The Best Office Design In The World Means Nothing When Employees Work From Home
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No matter how connected or collaborative a workspace is, it is hard to compete with the comfort of home. For years companies have focused on giving employees the power to telecommute. Now, designers are thinking about how to get them back in the office.
The number of telecommuting workers has exploded, increasing 115% in a decade, according to a new report from Global Workplace Analytics and FlexJobs. That translates to 3.9 million workers, or almost 3% of the total U.S. workforce, working from home at least half the time.
"Large companies rely on collaboration and innovation. There's a sense of concern with people not coming into the office," Shell Real Estate Project Manager Pamela Ewton said at Bisnow's Workplace of the Future event Wednesday.
Once a very traditional work environment, Shell is increasingly relying on the collisions and collaborations of its employees, but getting workers back into the office is no easy task. The nature of telecommuting has changed the value proposition of going into the office.
"We have to think about the journey and experience that brings you to the workplace. Today, we're coming to the office for a different reason. We're not just going in to sit at a computer," Gensler Design Director Mark Gribbons said. "We're going to the office for our connections to people. How do we drive those connections as designers?"
"With the effect technology has had, it's made the physical location somewhat irrelevant," Boxer Property President Justin Segal said. "Yes, we're still trafficking in physical space, but what keeps people coming in is the community and the culture."
To foster the type of community and culture that brings people to the office, many companies are turning to co-working.
Gribbons works with Gensler’s co-working clients to develop a sense of community. He has noticed it all starts with the very deliberate way successful co-working spaces welcome people. Typically there is a larger lobby area than in a normal office. The kitchen and conference rooms are prominently featured in a central location to act as a hub of activity. New members and prospective users are introduced to the community before they see their workspace. Design elements that foster connections can even be as simple as narrower stairways that force users to look up and make a face-to-face connection with the person they are passing.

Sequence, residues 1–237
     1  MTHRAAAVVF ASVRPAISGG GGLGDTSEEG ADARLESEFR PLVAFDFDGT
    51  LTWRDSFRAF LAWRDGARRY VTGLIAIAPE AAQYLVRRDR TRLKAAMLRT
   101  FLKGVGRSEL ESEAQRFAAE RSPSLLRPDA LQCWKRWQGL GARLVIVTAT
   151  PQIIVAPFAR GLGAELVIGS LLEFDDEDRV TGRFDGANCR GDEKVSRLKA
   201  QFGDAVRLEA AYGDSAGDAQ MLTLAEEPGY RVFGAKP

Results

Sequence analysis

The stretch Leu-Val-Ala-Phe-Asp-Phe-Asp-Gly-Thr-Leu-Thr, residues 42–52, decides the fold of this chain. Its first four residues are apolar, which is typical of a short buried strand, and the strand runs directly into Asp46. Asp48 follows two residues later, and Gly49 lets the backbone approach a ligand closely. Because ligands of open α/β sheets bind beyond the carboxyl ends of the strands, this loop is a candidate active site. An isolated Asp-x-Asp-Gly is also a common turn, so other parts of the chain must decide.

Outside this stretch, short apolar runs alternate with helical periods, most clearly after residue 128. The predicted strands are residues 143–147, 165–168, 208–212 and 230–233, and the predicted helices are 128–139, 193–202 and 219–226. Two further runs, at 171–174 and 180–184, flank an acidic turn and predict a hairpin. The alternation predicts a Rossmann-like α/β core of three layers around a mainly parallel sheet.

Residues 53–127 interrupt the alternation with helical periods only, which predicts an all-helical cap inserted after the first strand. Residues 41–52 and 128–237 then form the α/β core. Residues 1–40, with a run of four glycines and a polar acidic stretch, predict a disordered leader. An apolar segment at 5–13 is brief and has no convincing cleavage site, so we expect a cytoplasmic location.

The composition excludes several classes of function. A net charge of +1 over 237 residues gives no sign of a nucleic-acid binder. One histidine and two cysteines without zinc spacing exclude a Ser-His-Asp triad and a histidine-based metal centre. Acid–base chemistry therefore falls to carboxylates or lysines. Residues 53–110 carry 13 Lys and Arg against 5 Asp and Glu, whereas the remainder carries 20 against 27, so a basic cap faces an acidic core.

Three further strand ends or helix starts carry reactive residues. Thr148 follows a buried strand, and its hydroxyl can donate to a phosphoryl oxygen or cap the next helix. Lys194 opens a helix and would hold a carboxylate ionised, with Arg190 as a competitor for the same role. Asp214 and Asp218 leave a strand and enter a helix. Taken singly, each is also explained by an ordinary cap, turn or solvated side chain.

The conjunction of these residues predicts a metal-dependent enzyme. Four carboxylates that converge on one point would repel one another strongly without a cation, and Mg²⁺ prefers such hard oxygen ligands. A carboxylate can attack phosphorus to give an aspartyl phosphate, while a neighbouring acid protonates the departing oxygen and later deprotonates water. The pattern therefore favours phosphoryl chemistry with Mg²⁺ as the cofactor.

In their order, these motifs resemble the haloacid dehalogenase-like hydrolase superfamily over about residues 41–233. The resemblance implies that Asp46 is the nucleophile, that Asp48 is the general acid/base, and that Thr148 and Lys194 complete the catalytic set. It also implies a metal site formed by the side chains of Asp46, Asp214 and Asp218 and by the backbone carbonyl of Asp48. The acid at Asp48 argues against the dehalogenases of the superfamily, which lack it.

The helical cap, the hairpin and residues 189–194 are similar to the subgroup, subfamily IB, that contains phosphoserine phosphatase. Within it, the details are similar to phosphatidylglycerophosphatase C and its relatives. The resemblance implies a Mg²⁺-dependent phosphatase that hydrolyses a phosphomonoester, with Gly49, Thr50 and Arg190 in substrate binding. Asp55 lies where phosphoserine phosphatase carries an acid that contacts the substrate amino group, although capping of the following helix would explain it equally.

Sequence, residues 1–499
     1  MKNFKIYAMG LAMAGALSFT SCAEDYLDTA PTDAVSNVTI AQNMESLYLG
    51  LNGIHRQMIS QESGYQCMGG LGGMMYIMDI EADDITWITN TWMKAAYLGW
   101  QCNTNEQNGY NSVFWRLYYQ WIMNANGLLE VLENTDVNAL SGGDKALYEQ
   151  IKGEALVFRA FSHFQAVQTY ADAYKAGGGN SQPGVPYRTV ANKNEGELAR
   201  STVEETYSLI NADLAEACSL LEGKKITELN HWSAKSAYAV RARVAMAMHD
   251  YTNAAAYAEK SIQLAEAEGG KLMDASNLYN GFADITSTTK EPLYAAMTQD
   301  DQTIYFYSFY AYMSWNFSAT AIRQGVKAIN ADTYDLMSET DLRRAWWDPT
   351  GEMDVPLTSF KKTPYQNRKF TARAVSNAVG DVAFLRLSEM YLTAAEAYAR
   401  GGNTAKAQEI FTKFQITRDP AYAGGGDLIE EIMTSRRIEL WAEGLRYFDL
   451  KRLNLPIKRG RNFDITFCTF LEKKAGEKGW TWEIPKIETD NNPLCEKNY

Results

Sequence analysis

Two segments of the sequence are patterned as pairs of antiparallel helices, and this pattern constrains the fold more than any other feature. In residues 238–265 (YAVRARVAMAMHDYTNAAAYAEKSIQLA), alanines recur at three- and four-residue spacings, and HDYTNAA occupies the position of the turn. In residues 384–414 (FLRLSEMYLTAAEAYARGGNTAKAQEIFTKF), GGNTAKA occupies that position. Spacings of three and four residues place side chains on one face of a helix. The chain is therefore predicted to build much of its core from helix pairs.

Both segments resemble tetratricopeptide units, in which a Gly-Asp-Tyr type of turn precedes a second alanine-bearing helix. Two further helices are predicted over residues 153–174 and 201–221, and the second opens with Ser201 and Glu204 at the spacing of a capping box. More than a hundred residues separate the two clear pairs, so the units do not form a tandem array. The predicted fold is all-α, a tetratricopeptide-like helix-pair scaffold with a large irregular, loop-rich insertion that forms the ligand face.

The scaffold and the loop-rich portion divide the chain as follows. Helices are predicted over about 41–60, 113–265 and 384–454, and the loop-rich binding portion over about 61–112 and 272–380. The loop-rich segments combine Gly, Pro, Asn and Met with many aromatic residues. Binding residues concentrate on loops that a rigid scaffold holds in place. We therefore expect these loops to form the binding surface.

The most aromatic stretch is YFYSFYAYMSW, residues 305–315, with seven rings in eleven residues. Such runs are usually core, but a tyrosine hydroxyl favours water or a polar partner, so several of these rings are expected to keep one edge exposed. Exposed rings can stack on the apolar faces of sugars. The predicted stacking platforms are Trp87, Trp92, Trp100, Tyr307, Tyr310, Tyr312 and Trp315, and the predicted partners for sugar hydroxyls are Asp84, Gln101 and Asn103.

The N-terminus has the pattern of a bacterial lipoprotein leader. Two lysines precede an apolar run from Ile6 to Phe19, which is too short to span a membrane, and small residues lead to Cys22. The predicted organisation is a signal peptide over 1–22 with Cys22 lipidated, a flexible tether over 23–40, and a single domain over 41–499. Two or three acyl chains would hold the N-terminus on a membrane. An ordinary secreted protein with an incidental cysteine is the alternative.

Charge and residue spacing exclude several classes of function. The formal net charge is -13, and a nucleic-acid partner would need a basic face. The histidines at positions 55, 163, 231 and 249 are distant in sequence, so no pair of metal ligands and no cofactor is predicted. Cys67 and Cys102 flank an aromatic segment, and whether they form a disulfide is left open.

While design elements help, fostering human connections that build a community requires a personal touch. WeWork has been among the best in that regard.
“We have a bias towards listening. That’s how you notice the little things. Maybe a company just raised a lot of money or got a project off the ground. Send a handwritten note with a nice bottle of whiskey to them. Throw them a party. Have a genuine and sincere sense of wanting to help and take care of people,” WeWork South Head of Operations Lenahan said.
Shell has used those lessons to radically rework its real estate strategy. The company used to occupy 2M SF in Downtown Houston. Shell cut that space in half while still accommodating the same number of people. Still, the building was not full. Ewton said data is huge in deciphering what people are actually doing and the space they are actually using. You can look at who logged in by department, by floor and by building.
“In Houston we’re probably at about a third of what we used to be space-wise but the headcount hasn’t changed all that much,” Ewton said.
Shell recently consolidated 8,000 people in Houston's Energy Corridor west of the city.
“We created a completely different environment,” Ewton said. “Sometimes you have to show engineers the data. You sit down and show them, only 40% of you have been to the office in a week. They start to look at their team differently, how they’re working. That’s what helps with the transition of what you need to provide.”
It is about using data and design to go deeper than the amenity layer. Amenities and technology simply are not enough anymore. They may help make the sale, but they do not keep people coming back.
“Design matters. Tech for us in an embed. What’s the interplay of the physical space and digital? How do they harmonize together to make a workspace you’re proud of and want to go to?” Gribbons said.